The behavior of adrenocortical transplants in the rat under the influence of ingested sodium and potassium salts
Plachte, Frank Lothar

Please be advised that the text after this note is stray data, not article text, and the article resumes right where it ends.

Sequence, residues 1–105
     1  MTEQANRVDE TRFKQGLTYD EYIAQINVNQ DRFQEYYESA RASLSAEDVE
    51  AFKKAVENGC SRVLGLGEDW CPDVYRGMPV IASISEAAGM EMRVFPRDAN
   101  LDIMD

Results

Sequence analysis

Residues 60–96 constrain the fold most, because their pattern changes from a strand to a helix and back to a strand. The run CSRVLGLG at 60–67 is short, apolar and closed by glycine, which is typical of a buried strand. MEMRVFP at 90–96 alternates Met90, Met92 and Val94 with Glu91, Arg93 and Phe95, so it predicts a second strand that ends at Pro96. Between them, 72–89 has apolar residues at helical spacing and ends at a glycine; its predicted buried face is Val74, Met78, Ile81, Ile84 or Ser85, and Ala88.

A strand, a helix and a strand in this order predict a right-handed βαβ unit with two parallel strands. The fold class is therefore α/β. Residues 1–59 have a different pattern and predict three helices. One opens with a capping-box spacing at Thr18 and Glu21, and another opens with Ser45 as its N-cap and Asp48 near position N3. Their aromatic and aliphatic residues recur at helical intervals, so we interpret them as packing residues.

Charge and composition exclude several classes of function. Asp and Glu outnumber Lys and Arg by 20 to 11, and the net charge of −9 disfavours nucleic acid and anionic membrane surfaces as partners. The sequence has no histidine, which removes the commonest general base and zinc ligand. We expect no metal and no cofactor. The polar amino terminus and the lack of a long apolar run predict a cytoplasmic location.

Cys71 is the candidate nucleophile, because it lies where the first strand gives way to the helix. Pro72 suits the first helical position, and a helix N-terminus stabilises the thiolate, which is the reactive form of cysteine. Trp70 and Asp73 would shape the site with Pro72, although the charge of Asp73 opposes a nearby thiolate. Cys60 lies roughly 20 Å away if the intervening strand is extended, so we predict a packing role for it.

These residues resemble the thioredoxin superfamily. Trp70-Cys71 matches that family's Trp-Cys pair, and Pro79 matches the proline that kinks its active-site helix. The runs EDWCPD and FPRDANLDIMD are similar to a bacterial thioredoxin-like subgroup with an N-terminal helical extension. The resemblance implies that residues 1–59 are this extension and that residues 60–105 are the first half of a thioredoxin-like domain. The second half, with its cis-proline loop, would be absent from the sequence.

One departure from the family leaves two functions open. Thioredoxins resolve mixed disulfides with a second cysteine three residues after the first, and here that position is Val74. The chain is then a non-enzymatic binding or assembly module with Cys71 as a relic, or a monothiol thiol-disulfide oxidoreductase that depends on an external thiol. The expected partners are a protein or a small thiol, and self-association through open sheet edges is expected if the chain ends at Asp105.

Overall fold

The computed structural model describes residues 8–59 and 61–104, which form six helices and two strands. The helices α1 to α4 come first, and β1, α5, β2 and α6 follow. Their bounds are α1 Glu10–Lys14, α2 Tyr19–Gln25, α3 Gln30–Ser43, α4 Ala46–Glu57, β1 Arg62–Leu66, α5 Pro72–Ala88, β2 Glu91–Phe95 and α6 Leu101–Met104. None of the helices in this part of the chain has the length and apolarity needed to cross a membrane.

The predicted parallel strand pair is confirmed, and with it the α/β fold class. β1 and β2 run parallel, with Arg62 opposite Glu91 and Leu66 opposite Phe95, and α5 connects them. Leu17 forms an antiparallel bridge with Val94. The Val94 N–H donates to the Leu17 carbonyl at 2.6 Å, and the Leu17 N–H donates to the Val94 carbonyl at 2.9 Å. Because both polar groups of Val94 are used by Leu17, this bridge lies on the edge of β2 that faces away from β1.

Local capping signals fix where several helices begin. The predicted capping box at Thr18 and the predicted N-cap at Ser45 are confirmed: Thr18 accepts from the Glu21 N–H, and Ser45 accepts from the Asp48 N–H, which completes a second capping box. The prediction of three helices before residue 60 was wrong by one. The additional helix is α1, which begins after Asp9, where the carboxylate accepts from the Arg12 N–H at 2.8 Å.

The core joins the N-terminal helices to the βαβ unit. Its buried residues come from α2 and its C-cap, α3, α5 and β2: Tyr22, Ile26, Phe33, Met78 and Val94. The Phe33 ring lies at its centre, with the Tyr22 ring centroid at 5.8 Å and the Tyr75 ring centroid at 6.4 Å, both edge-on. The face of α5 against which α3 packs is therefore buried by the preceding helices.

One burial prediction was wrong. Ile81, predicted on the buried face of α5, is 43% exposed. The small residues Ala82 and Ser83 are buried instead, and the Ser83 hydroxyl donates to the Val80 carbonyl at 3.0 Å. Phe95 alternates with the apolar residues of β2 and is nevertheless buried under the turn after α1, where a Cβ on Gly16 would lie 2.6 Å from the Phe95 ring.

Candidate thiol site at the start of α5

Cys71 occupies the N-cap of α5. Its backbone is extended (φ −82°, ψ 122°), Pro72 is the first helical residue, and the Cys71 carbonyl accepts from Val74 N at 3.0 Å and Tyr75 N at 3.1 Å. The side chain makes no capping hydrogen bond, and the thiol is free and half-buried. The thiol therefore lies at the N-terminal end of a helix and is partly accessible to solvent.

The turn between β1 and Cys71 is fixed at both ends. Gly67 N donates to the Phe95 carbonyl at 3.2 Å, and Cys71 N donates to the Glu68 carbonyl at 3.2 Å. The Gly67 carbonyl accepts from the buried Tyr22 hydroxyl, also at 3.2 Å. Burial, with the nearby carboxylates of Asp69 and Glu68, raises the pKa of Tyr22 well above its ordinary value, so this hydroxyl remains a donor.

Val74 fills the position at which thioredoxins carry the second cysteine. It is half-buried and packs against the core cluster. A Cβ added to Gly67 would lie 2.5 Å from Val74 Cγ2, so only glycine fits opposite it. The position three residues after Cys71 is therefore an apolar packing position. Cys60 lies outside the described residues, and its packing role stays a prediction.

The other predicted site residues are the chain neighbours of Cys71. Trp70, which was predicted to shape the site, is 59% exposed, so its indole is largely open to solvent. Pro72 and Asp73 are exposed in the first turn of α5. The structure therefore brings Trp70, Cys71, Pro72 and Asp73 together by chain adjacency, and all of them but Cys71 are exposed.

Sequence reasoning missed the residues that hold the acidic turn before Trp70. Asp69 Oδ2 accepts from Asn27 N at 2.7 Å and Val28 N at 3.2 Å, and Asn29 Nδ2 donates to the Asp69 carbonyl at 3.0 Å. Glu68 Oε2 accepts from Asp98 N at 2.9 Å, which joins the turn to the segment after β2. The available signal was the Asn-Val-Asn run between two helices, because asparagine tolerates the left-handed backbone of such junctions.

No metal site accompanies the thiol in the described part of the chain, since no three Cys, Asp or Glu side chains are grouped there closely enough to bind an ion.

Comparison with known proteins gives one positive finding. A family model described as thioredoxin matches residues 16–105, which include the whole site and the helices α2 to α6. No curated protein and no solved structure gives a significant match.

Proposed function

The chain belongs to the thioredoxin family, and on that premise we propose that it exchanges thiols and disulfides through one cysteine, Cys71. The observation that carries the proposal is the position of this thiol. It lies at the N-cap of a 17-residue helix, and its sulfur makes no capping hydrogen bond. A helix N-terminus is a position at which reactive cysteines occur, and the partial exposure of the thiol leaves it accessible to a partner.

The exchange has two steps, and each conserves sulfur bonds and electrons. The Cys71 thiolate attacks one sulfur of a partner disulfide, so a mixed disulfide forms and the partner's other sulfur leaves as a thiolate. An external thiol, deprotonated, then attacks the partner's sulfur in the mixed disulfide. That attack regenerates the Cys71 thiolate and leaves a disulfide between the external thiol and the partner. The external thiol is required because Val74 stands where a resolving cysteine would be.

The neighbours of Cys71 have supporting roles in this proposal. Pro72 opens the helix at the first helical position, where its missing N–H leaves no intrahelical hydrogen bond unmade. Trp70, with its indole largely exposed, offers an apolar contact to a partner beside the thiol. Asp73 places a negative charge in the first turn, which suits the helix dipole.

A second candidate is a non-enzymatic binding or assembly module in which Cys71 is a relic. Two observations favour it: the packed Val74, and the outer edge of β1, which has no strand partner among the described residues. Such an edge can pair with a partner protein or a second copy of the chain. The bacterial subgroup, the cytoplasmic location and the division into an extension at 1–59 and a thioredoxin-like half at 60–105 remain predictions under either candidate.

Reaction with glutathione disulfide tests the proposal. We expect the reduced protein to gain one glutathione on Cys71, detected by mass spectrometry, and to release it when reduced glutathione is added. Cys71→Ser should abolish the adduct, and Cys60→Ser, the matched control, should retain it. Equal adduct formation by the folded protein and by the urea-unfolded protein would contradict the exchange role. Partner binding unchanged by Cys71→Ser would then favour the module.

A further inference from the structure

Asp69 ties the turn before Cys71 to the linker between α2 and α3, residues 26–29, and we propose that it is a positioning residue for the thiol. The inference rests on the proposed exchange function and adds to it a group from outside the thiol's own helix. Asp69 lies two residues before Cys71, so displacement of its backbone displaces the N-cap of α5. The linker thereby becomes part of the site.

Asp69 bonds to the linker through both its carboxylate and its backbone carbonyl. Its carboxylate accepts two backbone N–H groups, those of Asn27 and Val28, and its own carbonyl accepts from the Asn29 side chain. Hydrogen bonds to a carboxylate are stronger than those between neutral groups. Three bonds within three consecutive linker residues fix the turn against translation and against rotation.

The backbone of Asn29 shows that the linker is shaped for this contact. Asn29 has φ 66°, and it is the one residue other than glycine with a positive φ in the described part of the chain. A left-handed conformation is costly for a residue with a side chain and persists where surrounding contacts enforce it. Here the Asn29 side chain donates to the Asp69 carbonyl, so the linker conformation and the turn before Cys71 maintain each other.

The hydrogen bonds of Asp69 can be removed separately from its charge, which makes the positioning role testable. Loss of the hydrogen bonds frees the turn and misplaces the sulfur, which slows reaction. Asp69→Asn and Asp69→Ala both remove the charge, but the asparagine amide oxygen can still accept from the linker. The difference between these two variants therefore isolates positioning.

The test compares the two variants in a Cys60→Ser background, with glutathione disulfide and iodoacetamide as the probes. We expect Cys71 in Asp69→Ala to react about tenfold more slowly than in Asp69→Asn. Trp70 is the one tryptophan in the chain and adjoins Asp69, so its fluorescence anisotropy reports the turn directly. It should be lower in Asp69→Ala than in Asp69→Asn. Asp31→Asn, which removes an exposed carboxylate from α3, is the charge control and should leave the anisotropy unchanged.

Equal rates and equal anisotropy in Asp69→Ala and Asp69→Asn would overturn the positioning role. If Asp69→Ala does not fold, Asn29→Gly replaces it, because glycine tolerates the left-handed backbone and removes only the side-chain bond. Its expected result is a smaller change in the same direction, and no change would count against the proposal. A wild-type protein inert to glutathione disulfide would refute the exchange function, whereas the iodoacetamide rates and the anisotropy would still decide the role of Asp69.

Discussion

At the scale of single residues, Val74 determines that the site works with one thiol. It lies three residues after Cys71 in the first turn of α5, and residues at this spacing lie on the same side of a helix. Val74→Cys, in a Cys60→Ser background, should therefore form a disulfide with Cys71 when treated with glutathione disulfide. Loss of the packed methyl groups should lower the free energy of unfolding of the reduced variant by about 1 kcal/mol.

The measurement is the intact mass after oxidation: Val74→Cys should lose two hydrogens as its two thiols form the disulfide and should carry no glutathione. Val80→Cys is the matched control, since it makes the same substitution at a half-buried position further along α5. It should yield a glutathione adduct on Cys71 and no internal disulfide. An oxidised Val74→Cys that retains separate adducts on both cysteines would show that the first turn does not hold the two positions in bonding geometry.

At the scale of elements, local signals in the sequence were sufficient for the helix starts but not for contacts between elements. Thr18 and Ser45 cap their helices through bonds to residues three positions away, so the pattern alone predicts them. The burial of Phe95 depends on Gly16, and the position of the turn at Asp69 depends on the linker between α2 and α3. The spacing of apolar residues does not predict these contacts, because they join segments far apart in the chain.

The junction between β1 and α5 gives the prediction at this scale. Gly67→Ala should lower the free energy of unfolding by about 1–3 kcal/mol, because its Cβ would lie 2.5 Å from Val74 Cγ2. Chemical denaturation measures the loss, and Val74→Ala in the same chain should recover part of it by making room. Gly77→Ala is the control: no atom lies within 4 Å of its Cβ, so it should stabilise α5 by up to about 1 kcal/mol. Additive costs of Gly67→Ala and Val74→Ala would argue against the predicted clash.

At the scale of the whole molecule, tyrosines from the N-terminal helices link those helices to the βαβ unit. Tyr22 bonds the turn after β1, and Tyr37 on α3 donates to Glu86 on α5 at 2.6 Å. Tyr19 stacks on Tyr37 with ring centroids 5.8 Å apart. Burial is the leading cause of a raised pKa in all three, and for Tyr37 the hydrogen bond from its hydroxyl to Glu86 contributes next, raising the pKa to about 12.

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An analysis of the factors facilitating or impeding the incorporation and regeneration of adrenal transplants led to the investigation of the possible influence of ingested sodium and potassium salts on adrenal grafts. The important relationship of adrenocortical function to the normal balance of these electrolytes in the organism made this study all the more desirable since as yet no one apparently has studied their possible effect on the incorporation and character of transplanted adrenal tissue. One hundred and eighty-two albino rats of an inbred strain, reared and maintained under uniform conditions, underwent at 90 days of age a complete bilateral adrenalectomy via the dorsolumbar route under ether anesthesia and with aseptic technique. The excised glands were halved and immediately transplanted to dorsal subcutaneous pockets adjacent to blood vessels. The subcutaneous site was chosen for transplantation because of its accessibility and in order to establish a comparison with intramuscular adrenal transplants previously done in this laboratory. The operated animals were distributed in four experimental groups which received the same solid standard laboratory diet. 25 males and 26 females, comprising group I, received tap water and served as control animals. 26 males and 26 females, comprising group II, received 1% NaCl solution in place of drinking water. 14 males and 13 females, comprising group III, received 1$% KCl solution. The experiment with this group was discontinued because of the high mortality among the animals exposed to this toxic concentration of potassium. 27 males and 25 females, comprising group IV, received 0.5% KCl solution. If the animals did not succumb to cortical insufficiency or die of another cause, they were observed for approximately three months following operation. After this period they were either sacrificed or subjected to an exploratory operation with subsequent removal of established transplants. A series of 24 rats with all indications of incorporated grafts underwent this second operation. The operative procedures, the postoperative course of all the animals including their weight changes and fluid intake, and the gross and histological autopsy findings were recorded. Mortality rate in the experimental groups or failure of incorporation of grafts: Group I (H2O): male=25.0%, female=52.0% Group II (1% NaCl): male=12.0%, female=23.1% Group III (1% KCl): male=78.6%, female=61.6% Group IV (0.5% KCl): male=46.2%, female=56.0% The mortality figures for group II show that the administration of NaCl does not bring about an indefinite survival of animals deprived of their cortical tissue. The relatively small number of succumbing animals does not permit a definite statement for or against a specific sex difference in the resistance to cortical insufficiency. However, the longer survival period of females of group I and the fact that eight of the nine rats that reached the stage of chronic insufficiency (group I and II) were females may indicate a more favorable situation for the female sex as to degree and duration of cortical insufficiency. This reasoning is not necessarily contradicted by the observation that the mortality rate of all female groups except for those in group III was higher than that of the corresponding male animals, because one has to take into account the considerable differences in weight and size of the male and female animals at the age of operation. The survival time of rats dying of acute and subacute insufficiency averaged 13.78 days with only slight variations in the different experimental groups. It appears that the failure of the transplant to establish itself leads to death, unless life is prolonged by NaCl, in a period of time similar to that for untreated bilaterally adrenalectomized rats. The group variations do not appear to be sufficiently consistent and significant to warrant any other conclusion. Potassium per se does not seem to shorten the survival period in these animals to any great extent. The values for group IV are actually above the average survival time for all groups. Since the survival periods are little different from those of untreated adrenalectomized rats, it can be concluded that the hormone content of the transplanted tissues is of no significance for the prolongation of life. The postoperative loss of weight in the animals dying of cortical insufficiency averaged 18.2% of the preoperative level. This figure does not differ significantly from that of untreated adrenalectomized rats. No definite sex difference in the loss of weight could be found. No definite correlation between postoperative loss of weight and length of survival or initial preoperative weight level could be made. The NaCl treatment or the existence of accessory cortical tissue brought about a weight gain in some animals but did not prevent the eventual exhaustion of the hormone reserves. The loss of weight in animals dying of chronic insufficiency was usually less than that in the acute cases. Several animals maintained their preoperative weight level and some even made slight gains. The incidence of successful transplants appears to be low when compared with data given by several other investigators. This disparity in the percentage of takes appears to be due to different criteria for a take, to different sites of implantation, and to the author's counting of doubtful cases as negative. The highest number of incorporated transplants was encountered in the KaCl groups. It is suggested that the the life-prolonging influence of sodium promotes survival until adjustments in and around the grafted tissues, such as vascularization and nutrition, which facilitate regeneration can be made. This effect of sodium is not different from the palliative action of this ion in cortical insufficiency. The relatively small number of incorporated transplants in the KCl groups suggests that the toxic potassium, by putting a considerable strain on all functional systems of the organism, interferes with attempts of incorporation and regeneration or kills the animal before cortical restoration is sufficiently extensive to maintain life. The few animals withstanding the intoxication developed excellent takes. It appears that after overcoming the initial obstacles cortical regeneration can proceed irrespective of the ion offered. With the exception of group III, a greater number of male than female animals incorporated transplants. Seventy-three rats of all experimental groups showed a temporary weight loss after operation. No correlation could be found between this loss of weight and the preoperative weight level or the degree of regeneration. A greater number of male animals exhibited this loss of weight than did females. The male rats of groups I, II, and IV that survived with takes averaged a gain in weight of 0.81 Gm a day over approximately three months. The values for the individual groups vary but little. The corresponding value for the females of groups I, II, and IV was 0.38 Gm a day. These figures represent a rate of weight gain which is normal for the strain employed. The average number of regenerated transplants in all experimental groups was 2.4 per animal. The deviation in the individual groups was not significant with the possible exception of the females of group IV. It appears that all animals with successful grafts regenerate on the average the same number of takes, irrespective of the electrolyte offered. This again suggests that the electrolytes administered affect the processes of incorporation only indirectly by improving or aggravating the early period of cortical insufficiency following operation. In the female a slightly greater number of cortical bodies were regenerated than in the male groups. This might perhaps be interpreted as a sex difference in the chances for cortical regeneration. In 14 animals accessory masses of cortical tissue were found together with viable takes. From what is known about the adreno-pituitary relationship and its influence on the existence of accessory bodies it can be said that, were the grafts fully adequate, they would not tolerate the additional accessory cortical tissue. In view of the fact that takes and accessory bodies were encountered together in 14 instances it seems that, in these and perhaps in many other transplanted rats, the functionally subnormal grafts do not engage the entire corticotropin output of the anterior pituitary. Thus, the excess of this stimulant is available for the development of microscopic accessory cortical bodies. It can be concluded that the incorporated transplants did not attain the functional capacity of the normal cortical organ, a fact obscured by the normal growth and behavior of the animals. The electrolyte treatment did not influence this functional impairment to any significant extent. The measurement of the fluid intake of the animals of all experimental groups confirmed data published by other workers on the salt and fluid requirements and appetite of normal and insufficient rats. The histological investigation of the transplanted material revealed a three layer arrangement of cortical cells similar to that of the normal gland. This structure apparently was achieved irrespective of the electrolyte treatment. This finding is in contrast to the statements of several investigators who were unable to observe a normal cellular arrangement in transplanted cortices. It suggests that the regenerative processes follow the same pattern as do the processes in the life cycle of the normal cortical cell. Observations throughout this study suggest that primitive cortical cells, such as are present before the development of accessory bodies, or regressed cortical cells, such as are present in non-viable rests of transplants, may under certain conditions retain a potential regenerative capacity which allows them to develop when stimulated by corticotropin. These cells are called "dormant" and may constitute a cortical reserve system which, if called upon, produce a state of the organism which though not entirely equal to the normal may maintain the life of the animal. Adrenal function and insufficiency, particularly with respect to electrolyte and water balance and renal function; cortical atrophy, hypertrophy, regeneration, and their relationship to the anterior pituitary; and the present status of adrenal transplantation (experimental and therapeutic) were critically reviewed and analysed.